Still the Water (2014)

June 28th, 2015
Author: Meredith Taylor

Director: Naomi Kawase

Cast: Niijrô Muramaki, Jun Yoshinaga, Miyuki Matsuda, Makiko Watanabe,

121min  Drama     Japan

Set on the subtropical Amami Island off the South coast of Japan, there’s a blissful serenity to Naomi Kawase’s tender tale of love, ancient traditions and the healing power of nature that connects to a global narrative of survival for small communities all over the world.

Spiritual, intense and occasionally a tad pretentious in tone, very much in the vein of her previous outing, The Mourning Forest, Kawase explores how the cycles of nature are central to our existence and must be respected throughout our lives. Sumptuously captured on the widescreen and on intimate close-ups by Yutaka Yamazaki (I Wish), particularly magnificent are the aerial panoramas of lush jungles, turbulent sea-swells and the skylines of Tokyo.

Life and death coexist against the backdrop of everyday events and first love for teenager Kyoko (Jun Yoshinaga) and the ‘boy next door’ Kaito (Niijrô Muramaki), who is moody, awkward and emotionally less aware. Kaito’s father works as a tattooist  and is divorced from his mother, a cook. Kyoko’s mother is slowly dying but her spiritual training as a shamen has prepared her to deal with the pain in a dignified and elegant way. In the midst of all this – a dead body floats on to the beach one morning after a heavy tropical storm. There is a vague connection between the drowned man and Kaito’s mother, although Kawase never really clarifies this in her otherworldly-style narrative. Clearly, the trauma affects Kaito’s ability to bond physically with Kyoko.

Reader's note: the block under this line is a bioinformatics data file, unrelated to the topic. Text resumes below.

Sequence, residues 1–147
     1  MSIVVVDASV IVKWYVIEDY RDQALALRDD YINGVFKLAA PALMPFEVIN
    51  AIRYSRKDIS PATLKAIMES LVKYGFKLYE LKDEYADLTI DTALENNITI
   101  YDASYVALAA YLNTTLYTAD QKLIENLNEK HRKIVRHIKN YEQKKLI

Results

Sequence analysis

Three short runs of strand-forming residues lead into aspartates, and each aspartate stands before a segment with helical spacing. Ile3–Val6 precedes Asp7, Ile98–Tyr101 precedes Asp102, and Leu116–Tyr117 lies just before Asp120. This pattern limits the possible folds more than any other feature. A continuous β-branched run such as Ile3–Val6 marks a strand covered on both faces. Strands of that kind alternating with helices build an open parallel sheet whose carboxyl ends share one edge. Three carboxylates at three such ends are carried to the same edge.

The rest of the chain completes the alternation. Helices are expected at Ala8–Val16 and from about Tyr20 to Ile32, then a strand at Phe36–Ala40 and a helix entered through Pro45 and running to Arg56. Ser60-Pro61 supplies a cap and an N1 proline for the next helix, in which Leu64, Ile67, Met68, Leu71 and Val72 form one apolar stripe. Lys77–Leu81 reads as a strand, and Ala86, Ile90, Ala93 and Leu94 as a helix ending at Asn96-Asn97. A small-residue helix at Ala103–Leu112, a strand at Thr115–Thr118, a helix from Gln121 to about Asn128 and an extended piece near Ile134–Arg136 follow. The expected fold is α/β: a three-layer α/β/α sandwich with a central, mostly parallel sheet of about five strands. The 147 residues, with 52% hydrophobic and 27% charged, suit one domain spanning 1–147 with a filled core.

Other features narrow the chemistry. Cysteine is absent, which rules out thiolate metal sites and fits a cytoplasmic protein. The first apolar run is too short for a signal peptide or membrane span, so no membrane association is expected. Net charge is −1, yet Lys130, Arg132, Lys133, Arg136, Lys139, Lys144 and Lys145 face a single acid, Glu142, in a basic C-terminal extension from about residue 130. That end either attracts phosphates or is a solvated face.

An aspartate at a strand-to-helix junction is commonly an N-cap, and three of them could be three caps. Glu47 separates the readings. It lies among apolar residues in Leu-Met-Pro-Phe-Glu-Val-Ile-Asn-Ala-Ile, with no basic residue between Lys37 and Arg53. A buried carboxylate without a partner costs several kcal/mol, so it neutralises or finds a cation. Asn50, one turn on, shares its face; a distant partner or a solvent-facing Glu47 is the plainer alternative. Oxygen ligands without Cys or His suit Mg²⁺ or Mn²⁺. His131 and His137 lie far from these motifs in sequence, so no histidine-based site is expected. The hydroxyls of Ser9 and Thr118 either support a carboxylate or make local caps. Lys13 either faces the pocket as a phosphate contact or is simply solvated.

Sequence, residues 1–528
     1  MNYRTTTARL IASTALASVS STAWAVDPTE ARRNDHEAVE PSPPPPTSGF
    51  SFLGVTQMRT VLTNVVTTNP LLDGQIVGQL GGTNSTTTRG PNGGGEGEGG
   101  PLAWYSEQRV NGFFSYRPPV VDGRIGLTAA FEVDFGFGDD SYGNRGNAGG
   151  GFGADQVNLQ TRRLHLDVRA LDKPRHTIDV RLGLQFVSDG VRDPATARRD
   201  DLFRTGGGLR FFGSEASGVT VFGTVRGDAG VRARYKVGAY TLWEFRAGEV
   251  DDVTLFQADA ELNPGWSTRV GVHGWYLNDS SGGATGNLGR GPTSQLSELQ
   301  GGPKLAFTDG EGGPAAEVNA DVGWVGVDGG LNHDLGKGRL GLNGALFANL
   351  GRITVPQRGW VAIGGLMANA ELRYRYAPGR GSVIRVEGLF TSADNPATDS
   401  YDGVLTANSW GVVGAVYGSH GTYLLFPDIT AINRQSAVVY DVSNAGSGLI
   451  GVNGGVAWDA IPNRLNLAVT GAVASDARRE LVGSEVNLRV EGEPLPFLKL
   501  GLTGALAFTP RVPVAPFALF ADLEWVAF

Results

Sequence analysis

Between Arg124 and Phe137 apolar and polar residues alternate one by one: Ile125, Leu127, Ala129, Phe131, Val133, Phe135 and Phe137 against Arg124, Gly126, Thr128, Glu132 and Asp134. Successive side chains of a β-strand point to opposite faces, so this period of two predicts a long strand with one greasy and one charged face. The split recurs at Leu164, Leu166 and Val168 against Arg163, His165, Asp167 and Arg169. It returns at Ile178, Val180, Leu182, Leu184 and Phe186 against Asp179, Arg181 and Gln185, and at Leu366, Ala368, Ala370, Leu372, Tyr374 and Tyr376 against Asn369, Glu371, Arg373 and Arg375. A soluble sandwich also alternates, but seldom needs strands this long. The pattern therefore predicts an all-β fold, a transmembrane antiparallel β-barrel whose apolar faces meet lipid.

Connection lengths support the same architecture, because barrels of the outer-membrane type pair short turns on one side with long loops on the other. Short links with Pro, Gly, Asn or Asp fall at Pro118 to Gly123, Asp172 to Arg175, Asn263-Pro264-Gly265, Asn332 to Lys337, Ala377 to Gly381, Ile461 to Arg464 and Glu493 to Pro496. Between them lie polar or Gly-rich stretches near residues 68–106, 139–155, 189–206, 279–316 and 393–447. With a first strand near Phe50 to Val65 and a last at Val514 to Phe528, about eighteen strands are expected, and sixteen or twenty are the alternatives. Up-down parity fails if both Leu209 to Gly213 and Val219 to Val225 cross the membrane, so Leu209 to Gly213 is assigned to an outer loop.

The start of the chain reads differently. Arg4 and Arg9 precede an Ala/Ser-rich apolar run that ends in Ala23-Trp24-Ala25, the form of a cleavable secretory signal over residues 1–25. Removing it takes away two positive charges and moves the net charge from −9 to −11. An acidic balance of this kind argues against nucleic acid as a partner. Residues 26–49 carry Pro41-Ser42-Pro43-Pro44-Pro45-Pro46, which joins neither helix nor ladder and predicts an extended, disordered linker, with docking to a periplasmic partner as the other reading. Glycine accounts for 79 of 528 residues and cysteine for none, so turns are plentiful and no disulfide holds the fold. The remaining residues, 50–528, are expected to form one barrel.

Exotic and surreal, the sea and verdant scenery has a hypnotic effect, lulling our senses with its gentle piano score and some island ‘Full-Moon’ dances performed by Kyoko and her extended family. Animals, however, do not get the same respect as Nature’s other creatures, and there are two highly graffic scenes of goats being slaughtered that seem to conflict the otherwise spiritual narrative flow. MT



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